Maximum continuous DC input current is determined by the maximum power rating and minimum DC voltage.

IDC @ 250V = P/V = 5000/250 = 20A

Inverter nameplate information

Inverter nameplate information

Figure 8 Inverter nameplate information

The power rating is 5000 watts continuous (see Figure 8a); therefore, the inverter DC input current is limited to about 20A, and the array is limited to 20A output. If the power rating is exceeded, inverter damage will most likely result.

Semiconductor devices are very sensitive to temperature changes, and as current increases, so do power and temperature. Inverter temperature can be decreased by reducing array output current.

The output power of an array can be reduced if the operating point is pushed to the right (toward VOC) of the maximum power point. Inverters use temperature sensors to monitor temperature and move the operating point to manage power. Power-switching transistors are attached to heat sinks that help to transfer heat from the device to the air.

It is important to understand that the inverter output current is determined by its power rating and the voltage supplied to the load. An inverter will only supply a continuous output current of I = P/V. For example, if a load requires a continuous current of 25A at 120V, then the array and the inverter must be rated at a minimum of 3000W (120V 3 25A) and will actually be rated higher to accept higher voltage due to temperature change.

The AC current rating limits load current and available grid current. If more current is supplied than the inverter rating, then the inverter can be damaged. When supplying current to the grid, the load is not a factor because the inverter cannot supply more current than the rated current of the source and the inverter.

The grid can accept all of the available current that a system can supply. This characteristic of a grid-tied system increases overall system efficiency and usually decreases system maintenance costs because batteries aren’t required.

In Figure 8a, the input range is 250VDC–500VDC and the outputs are 208/240/277 VAC. Inverters can have better efficiency at a higher voltage because the current is reduced and therefore voltage drop and heat are reduced.

Inverter input voltage depends on input from batteries or sources such as PV arrays or wind turbines. Smaller systems supplying less power will have less current and the voltage supplying the inverter, and larger systems with more power will have higher current and voltage inputs. If a solar array is supplying 5000W, the inverter input could be 250V at 20A or 350V at 14.3A; either condition supplies 5000W, but 14.3A produces a smaller voltage drop on the connecting cables.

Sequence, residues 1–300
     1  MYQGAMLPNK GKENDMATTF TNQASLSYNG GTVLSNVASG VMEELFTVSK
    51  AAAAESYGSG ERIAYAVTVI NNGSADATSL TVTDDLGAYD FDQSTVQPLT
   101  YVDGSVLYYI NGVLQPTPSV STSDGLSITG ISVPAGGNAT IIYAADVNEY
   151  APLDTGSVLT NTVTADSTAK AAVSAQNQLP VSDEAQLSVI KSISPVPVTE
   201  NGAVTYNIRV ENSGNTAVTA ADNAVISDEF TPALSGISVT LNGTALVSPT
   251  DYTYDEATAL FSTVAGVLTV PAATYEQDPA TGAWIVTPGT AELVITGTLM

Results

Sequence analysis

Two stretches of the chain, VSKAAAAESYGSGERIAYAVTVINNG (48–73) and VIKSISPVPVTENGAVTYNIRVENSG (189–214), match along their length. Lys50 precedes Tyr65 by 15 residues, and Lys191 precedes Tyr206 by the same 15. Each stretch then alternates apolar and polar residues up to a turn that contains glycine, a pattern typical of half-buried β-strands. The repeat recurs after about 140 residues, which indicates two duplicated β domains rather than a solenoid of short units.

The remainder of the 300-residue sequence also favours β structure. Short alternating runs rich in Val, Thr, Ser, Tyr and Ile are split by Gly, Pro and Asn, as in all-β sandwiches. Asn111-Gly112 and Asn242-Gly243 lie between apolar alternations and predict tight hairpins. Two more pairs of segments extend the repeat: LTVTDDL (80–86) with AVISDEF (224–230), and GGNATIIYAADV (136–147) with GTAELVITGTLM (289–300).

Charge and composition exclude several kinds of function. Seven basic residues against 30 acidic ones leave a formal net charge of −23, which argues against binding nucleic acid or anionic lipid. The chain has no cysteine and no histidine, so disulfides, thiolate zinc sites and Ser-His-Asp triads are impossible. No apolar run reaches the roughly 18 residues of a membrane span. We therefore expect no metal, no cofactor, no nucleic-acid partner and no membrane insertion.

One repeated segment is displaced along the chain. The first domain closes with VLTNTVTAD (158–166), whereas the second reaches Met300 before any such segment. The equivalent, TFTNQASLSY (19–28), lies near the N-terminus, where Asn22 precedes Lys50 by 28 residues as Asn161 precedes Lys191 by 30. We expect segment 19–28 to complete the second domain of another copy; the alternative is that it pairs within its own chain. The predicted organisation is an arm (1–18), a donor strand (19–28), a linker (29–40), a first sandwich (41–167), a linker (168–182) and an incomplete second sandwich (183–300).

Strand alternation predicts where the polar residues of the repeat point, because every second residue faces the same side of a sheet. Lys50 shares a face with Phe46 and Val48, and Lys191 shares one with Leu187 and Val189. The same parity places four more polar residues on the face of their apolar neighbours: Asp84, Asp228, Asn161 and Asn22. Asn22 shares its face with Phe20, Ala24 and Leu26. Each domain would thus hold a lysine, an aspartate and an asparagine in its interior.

Inverters are configured for a certain input as a function of rated output. If the input is below a certain value, as indicated in the specification, the inverter will not function. The output voltage is selected depending on application. Most residential loads use single-phase 120/240VAC, but commercial loads use higher voltage and can have single-phase or three-phase loads.

Inverter Efficiency

Modern inverters use solid-state components and quality transformers and can exceed 95% peak power efficiency. Efficiency is calculated as the ratio of power-out to power-in, or

Efficiency= Pout/Pin*100

As a “rule of thumb” for a quality sine wave inverter, a designer can estimate that Pout is equal to Pin. This gives only a quick estimate, and if more accuracy is needed, then use the manufacturer’s specification.

All electrical equipment has an efficiency of less than 100%. A 1%–2% increase of inverter efficiency can have a significant long-term effect on system cost and savings. If, for example, a 20kW system has a 1% increase in efficiency, then 200W less of PV panels and equipment can be installed, and with a similar efficiency increase in a 75kW system, 750W less of PV panels and equipment can be installed. If equipment cost averaged 5 dollars per watt, then a savings of 1,000 dollars to 3,750 dollars would result.

Often, inverter rated efficiency is the primary factor used to determine system performance, but this can be misleading. Efficiency changes with DC input voltage, AC output voltage, the percentage of rated load supplied, and other factors. The efficiency specification is important, but system performance is a function of overall design and utilization.